Most of us can think of leaders who were not inclusive, but identifying role models for inclusive leadership presents a challenge. As requested by participants in their discussion last May, Larry Naylor and Kate Neville are returning to present a series of three workshops to further define what inclusive leadership really looks like. The workshops will include several interactive modalities to engage everyone in an experience that will deepen their understanding from a variety of perspectives.
WORKSHOP THREE – Handling Microaggressions in the Workplace Productively
Organizations operate within political and cultural systems they don’t control, and bring together people from a wide range of backgrounds and viewpoints to become colleagues. The only thing these individuals may have in common is the need to work together in order to make a living. In this context, it seems unrealistic to expect that everyone in a workplace will communicate clearly with one another without need for clarification and for attention to how information is conveyed.
A common framework and shared understanding of language is readily acknowledged to be a necessity when working internationally but turns out to be critical to productivity when working within the U.S. as well. Particularly given the bubbles Americans have come to live in with people similar to ourselves, the lack of proximity gets in the way of knowing one another and building relationships across differences.
High-performing leaders, teams, and organizations are driven by results. Anyone within those organizations knows that good intentions are nice to have but certainly never substitute for results. The impact is what counts. In the same way, a person can be right about something, but still not accomplish their ultimate objective. There is a distinction between the two that requires an awareness and the ability to see things from another perspective.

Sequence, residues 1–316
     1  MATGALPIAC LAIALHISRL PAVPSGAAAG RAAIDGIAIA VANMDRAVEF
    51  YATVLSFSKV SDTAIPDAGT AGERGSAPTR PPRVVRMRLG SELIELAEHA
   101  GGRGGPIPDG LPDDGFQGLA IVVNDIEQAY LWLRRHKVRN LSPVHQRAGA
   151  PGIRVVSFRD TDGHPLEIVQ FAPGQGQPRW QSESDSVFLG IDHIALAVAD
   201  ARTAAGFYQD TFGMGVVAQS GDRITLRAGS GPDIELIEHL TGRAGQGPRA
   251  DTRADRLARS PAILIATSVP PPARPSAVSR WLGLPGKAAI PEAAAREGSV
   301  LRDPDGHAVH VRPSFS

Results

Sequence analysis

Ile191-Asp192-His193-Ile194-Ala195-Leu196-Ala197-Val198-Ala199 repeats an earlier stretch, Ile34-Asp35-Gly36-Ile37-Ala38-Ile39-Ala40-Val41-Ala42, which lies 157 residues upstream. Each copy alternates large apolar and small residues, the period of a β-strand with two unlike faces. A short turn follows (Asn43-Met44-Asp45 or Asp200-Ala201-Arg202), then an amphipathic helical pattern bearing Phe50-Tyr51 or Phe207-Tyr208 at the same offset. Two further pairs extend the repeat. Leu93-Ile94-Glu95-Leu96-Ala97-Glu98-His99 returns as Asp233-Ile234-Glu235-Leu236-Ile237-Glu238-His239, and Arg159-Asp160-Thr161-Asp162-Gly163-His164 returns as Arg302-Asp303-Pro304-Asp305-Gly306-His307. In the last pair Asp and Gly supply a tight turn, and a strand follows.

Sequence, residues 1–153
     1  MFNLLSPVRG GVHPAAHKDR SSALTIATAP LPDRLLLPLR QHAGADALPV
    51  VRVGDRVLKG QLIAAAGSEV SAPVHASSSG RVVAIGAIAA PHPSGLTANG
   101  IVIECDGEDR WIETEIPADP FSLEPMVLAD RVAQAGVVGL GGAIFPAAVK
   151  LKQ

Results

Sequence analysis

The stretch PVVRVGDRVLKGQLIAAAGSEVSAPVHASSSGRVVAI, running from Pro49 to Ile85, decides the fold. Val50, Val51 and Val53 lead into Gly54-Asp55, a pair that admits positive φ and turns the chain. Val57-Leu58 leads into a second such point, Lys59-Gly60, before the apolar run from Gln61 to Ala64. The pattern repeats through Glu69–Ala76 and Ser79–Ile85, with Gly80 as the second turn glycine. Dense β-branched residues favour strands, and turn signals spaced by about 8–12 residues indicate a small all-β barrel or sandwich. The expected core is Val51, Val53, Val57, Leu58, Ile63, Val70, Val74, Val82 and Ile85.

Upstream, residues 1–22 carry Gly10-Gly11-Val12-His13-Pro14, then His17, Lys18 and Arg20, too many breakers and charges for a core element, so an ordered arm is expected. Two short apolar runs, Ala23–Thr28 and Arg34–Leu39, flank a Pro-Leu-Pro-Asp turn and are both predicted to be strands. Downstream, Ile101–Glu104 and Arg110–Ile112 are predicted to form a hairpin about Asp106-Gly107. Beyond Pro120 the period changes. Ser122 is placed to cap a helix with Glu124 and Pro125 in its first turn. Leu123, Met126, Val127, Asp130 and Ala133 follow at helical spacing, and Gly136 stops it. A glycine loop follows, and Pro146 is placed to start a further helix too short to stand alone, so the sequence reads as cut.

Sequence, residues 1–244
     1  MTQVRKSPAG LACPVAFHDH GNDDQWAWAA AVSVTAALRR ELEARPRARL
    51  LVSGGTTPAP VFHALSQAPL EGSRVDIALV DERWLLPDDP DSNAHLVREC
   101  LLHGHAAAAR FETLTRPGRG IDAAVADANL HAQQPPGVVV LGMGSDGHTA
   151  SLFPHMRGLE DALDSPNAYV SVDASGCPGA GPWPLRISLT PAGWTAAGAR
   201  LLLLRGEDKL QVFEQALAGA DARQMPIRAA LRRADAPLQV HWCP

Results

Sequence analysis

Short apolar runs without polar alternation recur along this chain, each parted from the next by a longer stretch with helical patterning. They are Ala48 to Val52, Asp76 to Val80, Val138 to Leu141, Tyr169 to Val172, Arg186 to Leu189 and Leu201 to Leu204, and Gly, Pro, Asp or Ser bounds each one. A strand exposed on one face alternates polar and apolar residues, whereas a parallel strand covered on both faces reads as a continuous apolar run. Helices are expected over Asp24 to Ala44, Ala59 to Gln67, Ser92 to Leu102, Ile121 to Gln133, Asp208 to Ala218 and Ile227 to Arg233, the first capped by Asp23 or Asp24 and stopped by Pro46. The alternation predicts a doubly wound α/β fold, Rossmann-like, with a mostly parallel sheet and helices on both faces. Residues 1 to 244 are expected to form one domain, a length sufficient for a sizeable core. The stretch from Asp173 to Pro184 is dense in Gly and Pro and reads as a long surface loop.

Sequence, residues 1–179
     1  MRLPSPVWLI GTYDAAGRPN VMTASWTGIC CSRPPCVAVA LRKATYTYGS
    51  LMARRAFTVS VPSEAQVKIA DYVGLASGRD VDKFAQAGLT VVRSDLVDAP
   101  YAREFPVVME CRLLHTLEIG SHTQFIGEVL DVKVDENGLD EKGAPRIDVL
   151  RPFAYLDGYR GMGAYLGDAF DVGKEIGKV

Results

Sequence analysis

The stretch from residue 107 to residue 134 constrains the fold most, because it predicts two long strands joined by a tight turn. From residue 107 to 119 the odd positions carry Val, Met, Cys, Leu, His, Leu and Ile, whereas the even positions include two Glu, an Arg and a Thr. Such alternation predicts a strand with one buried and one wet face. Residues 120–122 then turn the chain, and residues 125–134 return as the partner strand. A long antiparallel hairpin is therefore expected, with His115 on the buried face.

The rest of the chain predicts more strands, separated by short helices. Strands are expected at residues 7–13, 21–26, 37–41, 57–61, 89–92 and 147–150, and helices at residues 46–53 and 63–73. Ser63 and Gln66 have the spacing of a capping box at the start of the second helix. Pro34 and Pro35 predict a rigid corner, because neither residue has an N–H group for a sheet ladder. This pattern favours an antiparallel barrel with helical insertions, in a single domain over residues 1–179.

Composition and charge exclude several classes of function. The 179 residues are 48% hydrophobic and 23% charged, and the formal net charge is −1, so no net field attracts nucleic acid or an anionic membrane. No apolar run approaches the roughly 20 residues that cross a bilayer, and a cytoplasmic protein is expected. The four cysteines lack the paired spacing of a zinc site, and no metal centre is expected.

Microaggressions is a misnomer in that the impact can be substantial, and the intent is assumed to be aggressive. They can instead provide an opportunity to learn from one another, share perspectives, and deepen awareness on all sides. This workshop will explore how leaders can anticipate microaggressions and put protocols in place to resolve conflicts when they occur.
Participants must register by 5:00PM on October 26th to receive details on joining the discussion. The Zoom link will be sent out 24 hours before the event.
Please note that no refunds will be issued.
Co-Founder Inclusive Leadership Strategies (ILS)
Larry Naylor served as an officer in the U.S. Army, participated in three combat tours and is a Bronze Star Medal recipient. After working at the U.S. Department of State with Secretary Powell and Secretary Rice, he shifted to the private sector, supervising and facilitating leadership development for a multibillion-dollar global technology company for over a decade.
Larry currently provides transformative leadership development programs, facilitates training initiatives, and consults across a range of management and leadership topics for U.S. and international corporations, federal, state and local government entities, and select non-profit organizations. He has executive certificates from Georgetown University in Leadership Coaching, Strategic Diversity and Inclusion Management and Facilitation.
Co-Founder Inclusive Leadership Strategies (ILS)
For over a decade, Kate Neville has coached leaders and high-performing professionals in global professional services firms, national associations, and prominent non-profit organizations to build skills and accomplish goals as they advance into more senior positions. She frequently facilitates candid conversations among colleagues and teams and presents on topics related to diversity and inclusive leadership.
A graduate of Princeton University and Harvard Law, Kate started her career at Simpson Thacher in New York before working in management consulting. Kate serves as a speaker and coach as part of Diversity Lab’s Move the Needle (MTN) initiative, co-chairs the Diversity Committee of the Women’s Bar Association of DC, and works as a Mentor Coach for the Coach Diversity Institute (CDI). She is certified as a leadership and diversity coach, facilitator, and change management practitioner and, a former New Yorker and Texan, lives in Washington, DC.
Madelyn Sierra is an executive coach and leadership development consultant. She helps clients identify how their skills and behaviors support or hinder their business’ strategic objectives. She coaches them to develop high-performing teams, lead others effectively, manage career transitions and widen their network and sphere of influence. Her clients include executives in companies ranging from start-ups to global corporations in technology, media, financial services, pharmaceuticals, consumer goods, health care, manufacturing and non-profit.
Madelyn is a Harvard MBA. She lives in Manhattan.
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